Virtual Conference
Preterm Birth and Prevention

Vladimir Egorov

CEO of Advanced Tactile Imaging, Trenton, United States

Title: Biomechanical Integrity of the Female Pelvic Floor


Introduction: The true etiology of pelvic diseased conditions such as organ prolapse, urinary incontinence, vaginal tissue atrophy and variations observed among individuals are not entirely understood. These disorders are thought to share common pathogeneses, tissue elasticity changes, weakening of the connective support tissues, and pelvic muscle dysfunction. Logically, proposing a biomechanical assessment and characterization of the female pelvic floor could give rise to important information in clinical practice.

Objective: To develop and validate a new integral parameter – the Biomechanical Integrity score (BI-score) - for the characterization of the female pelvic floor.

Methods: A total of 253 subjects with normal and pelvic organ prolapse (POP) conditions were included in the data analysis from multi-site observational, case-controlled studies; 125 subjects had normal pelvic floor conditions, and 128 subjects had POP stage II+. A Vaginal Tactile Imager (VTI) was used to acquire and calculate automatically 52 biomechanical parameters for eight VTI test procedures (probe insertion, elevation, rotation, Valsalva maneuver, voluntary muscle contractions in two planes, relaxation, and reflex contraction). Statistical methods were applied (t-test, boxplot, and correlation) to identify the VTI parameters sensitive to the pelvic conditions and to establish the BI-score components.

Results: Out of 52 parameters, 26 were identified as statistically sensitive to the POP development. These 26 parameters were subdivided into five groups, each of them characterizing (1) tissue elasticity, (2) pelvic support, (3) pelvic muscle contraction, (4) involuntary muscle relaxation, and (5) pelvic muscle mobility, respectively. Every parameter was transformed to its standard deviation units against the patient age similar to T-score for bone density. Linear combinations with specified weights led to the composition of five component parameters for groups (1)-(5) and the BI-score in standard deviation units. The p-value for the BI-score has p = 4.3*10-31 for POP versus normal conditions. The POP diagnostic accuracy of the BI-score was found as 89.7% versus POP-Q data. A reference BI-score curve against age for normal pelvic floor conditions was defined (see Figure 1).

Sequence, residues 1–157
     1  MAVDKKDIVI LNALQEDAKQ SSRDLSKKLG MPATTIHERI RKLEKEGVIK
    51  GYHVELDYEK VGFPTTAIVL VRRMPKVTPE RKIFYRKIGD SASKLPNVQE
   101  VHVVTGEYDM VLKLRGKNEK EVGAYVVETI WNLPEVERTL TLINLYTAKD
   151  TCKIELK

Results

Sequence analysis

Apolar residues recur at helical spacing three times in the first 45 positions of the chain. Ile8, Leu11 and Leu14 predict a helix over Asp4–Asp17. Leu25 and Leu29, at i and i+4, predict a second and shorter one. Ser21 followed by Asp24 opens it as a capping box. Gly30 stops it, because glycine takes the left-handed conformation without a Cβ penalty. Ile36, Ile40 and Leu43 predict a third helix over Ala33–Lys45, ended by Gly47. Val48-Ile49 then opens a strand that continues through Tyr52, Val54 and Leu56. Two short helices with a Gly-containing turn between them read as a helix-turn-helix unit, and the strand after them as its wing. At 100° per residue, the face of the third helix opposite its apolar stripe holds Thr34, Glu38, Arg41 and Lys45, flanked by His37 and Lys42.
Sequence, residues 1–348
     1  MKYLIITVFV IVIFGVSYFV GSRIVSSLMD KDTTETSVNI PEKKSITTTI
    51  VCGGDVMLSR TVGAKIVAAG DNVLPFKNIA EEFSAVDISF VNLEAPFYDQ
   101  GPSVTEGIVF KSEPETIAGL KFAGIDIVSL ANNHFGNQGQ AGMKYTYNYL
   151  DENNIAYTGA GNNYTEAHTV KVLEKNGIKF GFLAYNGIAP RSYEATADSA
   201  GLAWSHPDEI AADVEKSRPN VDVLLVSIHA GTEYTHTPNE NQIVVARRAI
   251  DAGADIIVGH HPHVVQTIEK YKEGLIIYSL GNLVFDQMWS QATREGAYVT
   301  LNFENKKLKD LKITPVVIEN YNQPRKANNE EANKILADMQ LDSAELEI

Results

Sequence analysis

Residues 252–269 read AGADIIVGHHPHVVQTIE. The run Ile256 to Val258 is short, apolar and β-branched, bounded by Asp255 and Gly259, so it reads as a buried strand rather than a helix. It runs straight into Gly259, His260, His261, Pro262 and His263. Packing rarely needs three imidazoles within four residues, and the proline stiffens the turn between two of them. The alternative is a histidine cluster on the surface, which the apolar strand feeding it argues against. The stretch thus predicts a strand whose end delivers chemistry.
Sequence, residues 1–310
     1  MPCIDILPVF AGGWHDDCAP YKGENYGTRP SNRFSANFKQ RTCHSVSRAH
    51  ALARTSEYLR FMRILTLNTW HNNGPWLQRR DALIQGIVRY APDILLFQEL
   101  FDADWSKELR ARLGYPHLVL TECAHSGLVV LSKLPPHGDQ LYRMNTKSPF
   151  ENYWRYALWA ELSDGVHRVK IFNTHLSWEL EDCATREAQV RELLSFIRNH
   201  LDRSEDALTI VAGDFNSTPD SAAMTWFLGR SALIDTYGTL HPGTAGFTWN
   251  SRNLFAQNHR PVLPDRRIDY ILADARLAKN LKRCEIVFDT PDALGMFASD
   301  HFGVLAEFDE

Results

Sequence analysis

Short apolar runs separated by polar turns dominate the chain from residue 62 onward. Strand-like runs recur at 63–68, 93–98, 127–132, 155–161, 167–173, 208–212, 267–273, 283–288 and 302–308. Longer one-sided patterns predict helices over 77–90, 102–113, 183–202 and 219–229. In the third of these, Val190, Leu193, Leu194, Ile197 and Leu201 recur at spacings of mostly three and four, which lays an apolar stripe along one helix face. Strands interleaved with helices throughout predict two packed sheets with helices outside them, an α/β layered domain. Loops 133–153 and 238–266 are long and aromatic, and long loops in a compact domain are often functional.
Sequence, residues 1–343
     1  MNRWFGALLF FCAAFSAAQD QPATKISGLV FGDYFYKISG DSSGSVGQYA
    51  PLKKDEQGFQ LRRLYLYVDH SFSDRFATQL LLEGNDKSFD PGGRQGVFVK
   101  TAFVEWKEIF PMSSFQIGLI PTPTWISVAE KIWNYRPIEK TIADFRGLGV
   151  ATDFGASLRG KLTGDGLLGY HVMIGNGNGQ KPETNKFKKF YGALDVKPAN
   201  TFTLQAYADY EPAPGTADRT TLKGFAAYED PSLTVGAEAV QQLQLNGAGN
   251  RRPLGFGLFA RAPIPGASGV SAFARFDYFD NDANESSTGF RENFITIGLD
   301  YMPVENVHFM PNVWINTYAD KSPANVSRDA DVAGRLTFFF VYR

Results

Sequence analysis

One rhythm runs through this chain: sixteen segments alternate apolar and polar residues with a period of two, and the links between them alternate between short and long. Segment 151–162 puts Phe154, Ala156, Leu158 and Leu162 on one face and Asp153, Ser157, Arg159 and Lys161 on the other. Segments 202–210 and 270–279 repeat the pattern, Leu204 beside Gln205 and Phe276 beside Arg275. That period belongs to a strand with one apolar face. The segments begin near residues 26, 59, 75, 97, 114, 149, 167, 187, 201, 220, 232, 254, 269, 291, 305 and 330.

Conclusions: The proposed BI-score and its five components allow a comprehensive biomechanical characterization of the female pelvic floor. Objectively measurable transformations of the pelvic tissues, support structures, and functions under different diseased conditions may be studied with the BI-score in future research and practical applications.


Dr. Egorov is a scientist and entrepreneur with primary area of focus in the women’s healthcare. He is a CEO of Advanced Tactile Imaging, Inc. The company develops transvaginal biomechanical mapping as an imaging and diagnostic tool to characterize the wide spectrum of pelvic diseased conditions such as pelvic organ prolapse, incontinence, chronic pelvic pain, pathologies which include endometriosis, adenomyosis and uterine fibroids, cervical and ovarian cancer, and conditions leading to spontaneous preterm delivery and predicting maternal birth trauma. He is a recipient of multiple research grants from National Institutes of Health; conducted 13 clinical studies in the USA. He introduced a new integral parameter, Biomechanical Integrity score (BI-score), for characterization of the female pelvic floor. Objectively measurable transformations of pelvic tissues, support structures, and functions under different diseased conditions may be quantified with the BI-score relatively normal conditions. He has 82 research publications, 29 patents and delivered numerous talks on national and international scientific meetings. He received his Master of Science in Biophysics at the Moscow Institute of Physics and Technology, and his PhD at the Institute of Basic Biological Problems, Russia.